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Michigan State Police posted a shocking video to their Twitter account on Thursday, Sept. 22 to refresh followers’ memories on how to avoid deer while driving.

MSP Fifth District Trooper Anderson reportedly caught dashcam footage of three deer sprinting across a road at night and narrowly avoiding a sedan that was driving in front of the police cruiser. One deer in particular pulled an acrobatic stunt to escape a head-on collision. In a move of athletic excellence, the deer leapt straight over the top of the car, closely resembling one of Santa’s trusty reindeer or Free Willy escaping his holding pond.

Another deer ran out in front of Trooper Anderson’s vehicle, but the officer braked in a controlled manner and didn’t swerve-which is how drivers are supposed to respond when a deer suddenly runs in front of their cars. In the comments below the video, MSP Fifth District confirmed this happened off of Lakeshore Drive in St. Joseph, which is in the southwestern part of the state on the shore of Lake Michigan.

Berrien County and the surrounding area is known for having very little public access for hunting ground. It’s a suburban region with the 13th highest population density in the state, falling behind the Detroit/Ann Arbor and Grand Rapids areas. Those factors combine for an increased likelihood of deer-human interactions and vehicular collisions.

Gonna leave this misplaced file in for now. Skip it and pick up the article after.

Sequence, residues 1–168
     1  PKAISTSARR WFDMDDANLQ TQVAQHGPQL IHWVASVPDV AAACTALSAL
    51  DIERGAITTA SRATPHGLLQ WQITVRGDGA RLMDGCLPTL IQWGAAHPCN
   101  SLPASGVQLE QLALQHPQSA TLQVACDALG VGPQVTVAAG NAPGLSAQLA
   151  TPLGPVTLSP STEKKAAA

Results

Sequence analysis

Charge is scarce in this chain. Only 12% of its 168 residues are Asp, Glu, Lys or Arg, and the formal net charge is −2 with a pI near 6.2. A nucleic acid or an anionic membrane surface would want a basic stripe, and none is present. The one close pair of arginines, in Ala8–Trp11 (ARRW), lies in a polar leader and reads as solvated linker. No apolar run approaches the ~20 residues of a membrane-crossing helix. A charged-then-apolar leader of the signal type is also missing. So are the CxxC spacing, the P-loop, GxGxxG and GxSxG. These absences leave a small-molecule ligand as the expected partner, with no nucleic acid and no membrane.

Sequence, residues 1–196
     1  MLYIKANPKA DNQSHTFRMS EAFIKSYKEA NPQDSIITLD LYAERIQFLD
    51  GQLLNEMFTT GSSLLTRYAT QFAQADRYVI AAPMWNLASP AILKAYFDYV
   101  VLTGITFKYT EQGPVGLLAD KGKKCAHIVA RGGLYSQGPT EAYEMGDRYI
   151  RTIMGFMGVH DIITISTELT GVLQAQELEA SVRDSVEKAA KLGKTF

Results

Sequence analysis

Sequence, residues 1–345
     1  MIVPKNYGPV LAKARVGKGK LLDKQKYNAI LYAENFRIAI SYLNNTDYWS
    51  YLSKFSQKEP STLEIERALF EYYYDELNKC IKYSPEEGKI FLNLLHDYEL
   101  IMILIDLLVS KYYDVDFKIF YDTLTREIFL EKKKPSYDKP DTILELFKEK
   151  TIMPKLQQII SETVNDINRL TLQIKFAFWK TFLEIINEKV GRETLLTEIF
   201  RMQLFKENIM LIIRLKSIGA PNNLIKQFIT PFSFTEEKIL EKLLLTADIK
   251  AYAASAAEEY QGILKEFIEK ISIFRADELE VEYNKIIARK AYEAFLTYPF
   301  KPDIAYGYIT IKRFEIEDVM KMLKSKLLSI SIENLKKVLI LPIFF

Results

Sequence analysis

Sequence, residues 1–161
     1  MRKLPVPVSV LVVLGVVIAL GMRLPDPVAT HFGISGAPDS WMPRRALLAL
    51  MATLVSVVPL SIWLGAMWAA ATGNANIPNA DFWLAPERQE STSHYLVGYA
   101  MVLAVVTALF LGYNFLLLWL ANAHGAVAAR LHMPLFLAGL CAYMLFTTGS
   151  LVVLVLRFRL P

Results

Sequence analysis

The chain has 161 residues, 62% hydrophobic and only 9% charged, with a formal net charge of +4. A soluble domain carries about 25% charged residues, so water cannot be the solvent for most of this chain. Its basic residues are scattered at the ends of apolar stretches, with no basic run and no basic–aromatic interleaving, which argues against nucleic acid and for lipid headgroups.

Municipalities across the country are weighing how to handle growing urban deer populations. Some have allocated urban deer tags to area hunters. Others have chosen to experiment with contraceptive injections. Euthanasia is also on the table in some places. In Michigan Deer Management Unit 311, the deer population increased as of 2020, and hunter harvest is considered the main management tool.

“Crop damage complaints have risen over the last three years, as have deer vehicle collisions,” the DMU 311 description reads. “We recommend an increase in antlerless tags in order to stabilize the deer population…we also recommend that early antlerless season be open. Our goal is to stabilize the deer population to maintain quality hunter opportunity and prevent further increase in human-deer conflicts.”